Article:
Dr. Ruth Chang Focuses on Improving Patients’ Financial Well-being
By Athan Bezaitis
The Permanente Federation
Last year, the magazine The Atlantic ran a story that contained a critical statistic – almost half of middle-class Americans reported they could not access $400 in case of an emergency. It is no secret that a growing number of Americans forego needed medical care because of cost concerns, even when they are insured.
That’s a problem that is on the rise given the growing number of Americans who now find themselves in high deductible health plans, but one that Ruth Chang, MD, a family medicine physician and director of Financial Health at Northwest Permanente, is working hard to solve. And with her background, skill set, and commitment, her innovative new programs to bolster members’ financial health are already proving to be right on the money.
Kaiser Permanente isn’t an exception to the cost-sharing trend; 2.5 million of the organization’s 11 million-plus members are now in high deductible plans. In some Kaiser Permanente regions, like the Northwest, the percentage is even higher. Internal Kaiser Permanente data suggests cost is a barrier to patients filling their prescriptions one quarter of the time.
Equally concerning, research shows just 14 percent of Americans have a solid understanding of how their health insurance works, and comprehend basic terms like “deductible” and “co-pay.”
A Commitment to Population Health
Dr. Chang seems to have been destined to help people understand the complexities of financial jargon. She began her undergraduate education studying math and women’s studies but was quickly told by a professor that, “with those degrees and a dollar you could ride a street car.” She subsequently pursued a master’s degree in Public Health, where she soon began to care deeply about the well-being of populations.
Physicians need to know it is okay to talk about costs, and you have to have that conversation to help patients by steering them to our resources.
During that time, a respected professor encouraged her to attend medical school given her passion. Once she did, “the Kaiser Permanente model was the only one that made sense, and the only place I applied for work after my residency,” she explains. Kaiser Permanente’s model that balances individual patient needs with those of the communities it serves – and with health equity – is an important part of the appeal.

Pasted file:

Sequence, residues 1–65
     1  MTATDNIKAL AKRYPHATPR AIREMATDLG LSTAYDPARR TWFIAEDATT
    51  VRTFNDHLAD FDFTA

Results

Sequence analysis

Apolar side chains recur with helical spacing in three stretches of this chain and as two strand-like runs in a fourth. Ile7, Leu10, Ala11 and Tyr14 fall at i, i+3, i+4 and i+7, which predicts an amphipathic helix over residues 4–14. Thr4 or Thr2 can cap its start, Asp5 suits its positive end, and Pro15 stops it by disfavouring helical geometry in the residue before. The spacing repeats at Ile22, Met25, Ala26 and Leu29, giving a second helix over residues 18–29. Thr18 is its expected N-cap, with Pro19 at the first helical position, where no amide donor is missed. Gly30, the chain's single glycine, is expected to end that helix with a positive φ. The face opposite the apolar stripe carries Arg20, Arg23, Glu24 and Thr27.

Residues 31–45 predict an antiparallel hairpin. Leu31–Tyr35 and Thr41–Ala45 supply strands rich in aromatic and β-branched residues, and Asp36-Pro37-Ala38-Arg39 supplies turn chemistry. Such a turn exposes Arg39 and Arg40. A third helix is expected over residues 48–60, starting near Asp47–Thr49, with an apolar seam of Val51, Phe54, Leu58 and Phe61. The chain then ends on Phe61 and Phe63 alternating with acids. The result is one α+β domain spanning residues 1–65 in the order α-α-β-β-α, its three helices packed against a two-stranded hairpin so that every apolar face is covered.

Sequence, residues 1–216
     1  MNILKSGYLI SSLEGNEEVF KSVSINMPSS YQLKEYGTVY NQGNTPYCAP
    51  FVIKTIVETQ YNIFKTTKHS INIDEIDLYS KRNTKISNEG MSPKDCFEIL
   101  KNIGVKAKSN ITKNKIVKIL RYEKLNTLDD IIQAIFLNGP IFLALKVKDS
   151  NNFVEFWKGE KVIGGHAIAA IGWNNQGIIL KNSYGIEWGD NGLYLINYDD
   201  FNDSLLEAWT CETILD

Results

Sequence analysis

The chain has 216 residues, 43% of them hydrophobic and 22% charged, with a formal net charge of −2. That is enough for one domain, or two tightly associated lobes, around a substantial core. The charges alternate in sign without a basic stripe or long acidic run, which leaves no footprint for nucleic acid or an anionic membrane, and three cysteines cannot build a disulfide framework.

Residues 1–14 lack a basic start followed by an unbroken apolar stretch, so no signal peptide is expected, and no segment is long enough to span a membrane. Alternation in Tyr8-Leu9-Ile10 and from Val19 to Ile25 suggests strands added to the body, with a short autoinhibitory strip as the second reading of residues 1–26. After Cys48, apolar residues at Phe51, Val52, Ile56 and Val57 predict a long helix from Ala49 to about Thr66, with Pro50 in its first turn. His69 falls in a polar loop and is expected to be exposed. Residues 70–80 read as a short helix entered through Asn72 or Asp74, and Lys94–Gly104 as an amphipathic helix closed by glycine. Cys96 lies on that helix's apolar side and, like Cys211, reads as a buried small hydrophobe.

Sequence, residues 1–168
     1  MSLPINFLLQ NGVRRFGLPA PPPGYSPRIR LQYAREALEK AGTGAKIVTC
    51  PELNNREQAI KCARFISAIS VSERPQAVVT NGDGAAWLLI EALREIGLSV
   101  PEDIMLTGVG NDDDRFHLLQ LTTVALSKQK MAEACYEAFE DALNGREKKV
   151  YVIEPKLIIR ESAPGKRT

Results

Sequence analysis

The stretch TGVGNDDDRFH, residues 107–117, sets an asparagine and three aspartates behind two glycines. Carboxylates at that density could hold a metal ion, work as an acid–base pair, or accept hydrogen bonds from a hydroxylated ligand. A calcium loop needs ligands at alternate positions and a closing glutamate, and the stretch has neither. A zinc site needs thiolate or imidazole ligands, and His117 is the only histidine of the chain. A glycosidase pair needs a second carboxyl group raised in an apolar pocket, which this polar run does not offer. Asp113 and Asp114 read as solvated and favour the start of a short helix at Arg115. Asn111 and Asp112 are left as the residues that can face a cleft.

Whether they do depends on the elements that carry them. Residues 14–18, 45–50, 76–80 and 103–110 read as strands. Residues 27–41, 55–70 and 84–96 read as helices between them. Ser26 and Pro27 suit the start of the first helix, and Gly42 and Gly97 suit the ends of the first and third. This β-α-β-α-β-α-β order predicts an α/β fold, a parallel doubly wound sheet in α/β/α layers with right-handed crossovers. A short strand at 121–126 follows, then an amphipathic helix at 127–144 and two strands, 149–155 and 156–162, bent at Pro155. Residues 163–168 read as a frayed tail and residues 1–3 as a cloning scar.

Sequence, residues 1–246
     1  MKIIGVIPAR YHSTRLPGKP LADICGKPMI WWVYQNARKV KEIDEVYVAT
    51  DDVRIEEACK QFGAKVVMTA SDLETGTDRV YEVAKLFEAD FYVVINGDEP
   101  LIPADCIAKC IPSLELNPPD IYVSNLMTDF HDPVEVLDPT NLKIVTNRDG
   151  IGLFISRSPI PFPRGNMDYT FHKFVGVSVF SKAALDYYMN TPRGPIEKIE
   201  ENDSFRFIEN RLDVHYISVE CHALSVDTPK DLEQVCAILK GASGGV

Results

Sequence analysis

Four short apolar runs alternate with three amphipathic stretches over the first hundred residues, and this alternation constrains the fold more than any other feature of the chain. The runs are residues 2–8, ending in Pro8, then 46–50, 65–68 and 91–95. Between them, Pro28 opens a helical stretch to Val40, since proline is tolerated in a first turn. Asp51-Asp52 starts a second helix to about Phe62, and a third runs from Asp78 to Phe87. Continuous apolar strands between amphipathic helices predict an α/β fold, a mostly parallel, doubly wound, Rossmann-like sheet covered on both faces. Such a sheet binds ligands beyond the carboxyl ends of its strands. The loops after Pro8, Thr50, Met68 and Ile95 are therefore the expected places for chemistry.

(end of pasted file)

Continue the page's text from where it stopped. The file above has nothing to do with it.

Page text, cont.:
Over the years as she became a practiced and sought-after Family Medicine physician at Kaiser Permanente, an experience with a particular patient began to haunt her.
She had recommended a hip replacement for “Steve” (not his real name), a patient with degenerative arthritis, and he declined. His disability subsequently cost him his job, and Dr. Chang would later find out he didn’t have the procedure because he couldn’t afford it. The experience, she says, “was consciousness-raising.”
Dr. Chang subsequently educated herself on the interplay between patients’ financial concerns and adherence to treatment plans and soon realized this was both a problem and an opportunity for Kaiser Permanente.
Innovation in the Northwest
Now director of Financial Health for Northwest Permanente, Dr. Chang has implemented a series of cutting-edge programs to help patients with financial concerns manage their health and their finances.
Starting in 2012, Dr. Chang launched a campaign to educate the medical group about what it means to respect the financial health of patients. The curriculum centered on why cost matters to patients and how it can be a barrier to their care.